But no man keeps the revealed Law of God, as given though Moses, without faith. There would be no reason to. Because apart from faith the sacrifices, the cleansings required for various impurities, and even the absolution have no value at all. So while it is theoretically possible for a person to keep the moral law apart from faith, simply because he recognizes the goodness of it, it is impossible to keep the ceremonial Law apart from faith.
Thus when St. Luke records the deeds of Zachariah, he is recording his faith and hope. While faith alone, apart from works, saves, faith without works is dead and faith is never alone. Still, this righteous man was infected with original sin. And righteous though he was, he sinned in the most holy place. He doubted the Word of the Lord from the mouth of Gabriel.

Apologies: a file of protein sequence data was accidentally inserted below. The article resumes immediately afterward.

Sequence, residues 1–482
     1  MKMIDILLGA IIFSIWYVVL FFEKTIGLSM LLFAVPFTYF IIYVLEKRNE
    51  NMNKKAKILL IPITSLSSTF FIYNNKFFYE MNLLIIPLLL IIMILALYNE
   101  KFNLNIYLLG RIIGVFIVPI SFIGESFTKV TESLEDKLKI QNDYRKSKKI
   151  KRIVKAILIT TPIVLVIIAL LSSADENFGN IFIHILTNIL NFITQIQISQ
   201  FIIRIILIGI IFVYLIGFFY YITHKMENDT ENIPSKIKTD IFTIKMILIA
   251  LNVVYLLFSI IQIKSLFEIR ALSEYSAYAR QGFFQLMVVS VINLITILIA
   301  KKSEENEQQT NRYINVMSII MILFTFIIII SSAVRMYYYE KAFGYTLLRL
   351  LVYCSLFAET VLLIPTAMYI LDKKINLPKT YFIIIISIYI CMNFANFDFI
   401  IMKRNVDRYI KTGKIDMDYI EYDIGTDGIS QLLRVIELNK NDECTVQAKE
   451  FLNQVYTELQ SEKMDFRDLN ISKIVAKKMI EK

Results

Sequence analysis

Our instinct is to defend him. It was a small thing. It is not like he laughed, as Abraham and Sarah had or tried to argue with Gabriel. Humanly speaking, it was completely understandable. How long had it been since Zachariah had prayed for a child? Certainly he and Elizabeth had prayed for this very thing when they were of child-bearing age. But that time had come and gone a long time ago. It was far from his mind, the last thing he would expect and an angel to tell him at his age and that in the Most Holy place.